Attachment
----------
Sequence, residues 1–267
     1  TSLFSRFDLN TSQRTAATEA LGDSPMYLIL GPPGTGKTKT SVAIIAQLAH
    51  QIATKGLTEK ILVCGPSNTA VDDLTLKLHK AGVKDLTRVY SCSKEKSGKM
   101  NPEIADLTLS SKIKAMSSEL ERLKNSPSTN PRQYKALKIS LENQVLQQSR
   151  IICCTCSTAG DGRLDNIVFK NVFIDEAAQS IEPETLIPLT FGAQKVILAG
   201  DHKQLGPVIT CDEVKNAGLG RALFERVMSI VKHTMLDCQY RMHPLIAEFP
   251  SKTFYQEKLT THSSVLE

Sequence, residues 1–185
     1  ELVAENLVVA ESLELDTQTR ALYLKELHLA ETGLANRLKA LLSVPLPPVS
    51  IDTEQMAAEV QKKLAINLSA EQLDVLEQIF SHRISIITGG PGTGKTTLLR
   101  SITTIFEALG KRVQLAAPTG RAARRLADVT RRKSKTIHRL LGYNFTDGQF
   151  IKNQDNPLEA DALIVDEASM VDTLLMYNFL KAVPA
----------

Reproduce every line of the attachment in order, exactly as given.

Sequence, residues 1–267
     1  TSLFSRFDLN TSQRTAATEA LGDSPMYLIL GPPGTGKTKT SVAIIAQLAH
    51  QIATKGLTEK ILVCGPSNTA VDDLTLKLHK AGVKDLTRVY SCSKEKSGKM
   101  NPEIADLTLS SKIKAMSSEL ERLKNSPSTN PRQYKALKIS LENQVLQQSR
   151  IICCTCSTAG DGRLDNIVFK NVFIDEAAQS IEPETLIPLT FGAQKVILAG
   201  DHKQLGPVIT CDEVKNAGLG RALFERVMSI VKHTMLDCQY RMHPLIAEFP
   251  SKTFYQEKLT THSSVLE

Sequence, residues 1–185
     1  ELVAENLVVA ESLELDTQTR ALYLKELHLA ETGLANRLKA LLSVPLPPVS
    51  IDTEQMAAEV QKKLAINLSA EQLDVLEQIF SHRISIITGG PGTGKTTLLR
   101  SITTIFEALG KRVQLAAPTG RAARRLADVT RRKSKTIHRL LGYNFTDGQF
   151  IKNQDNPLEA DALIVDEASM VDTLLMYNFL KAVPA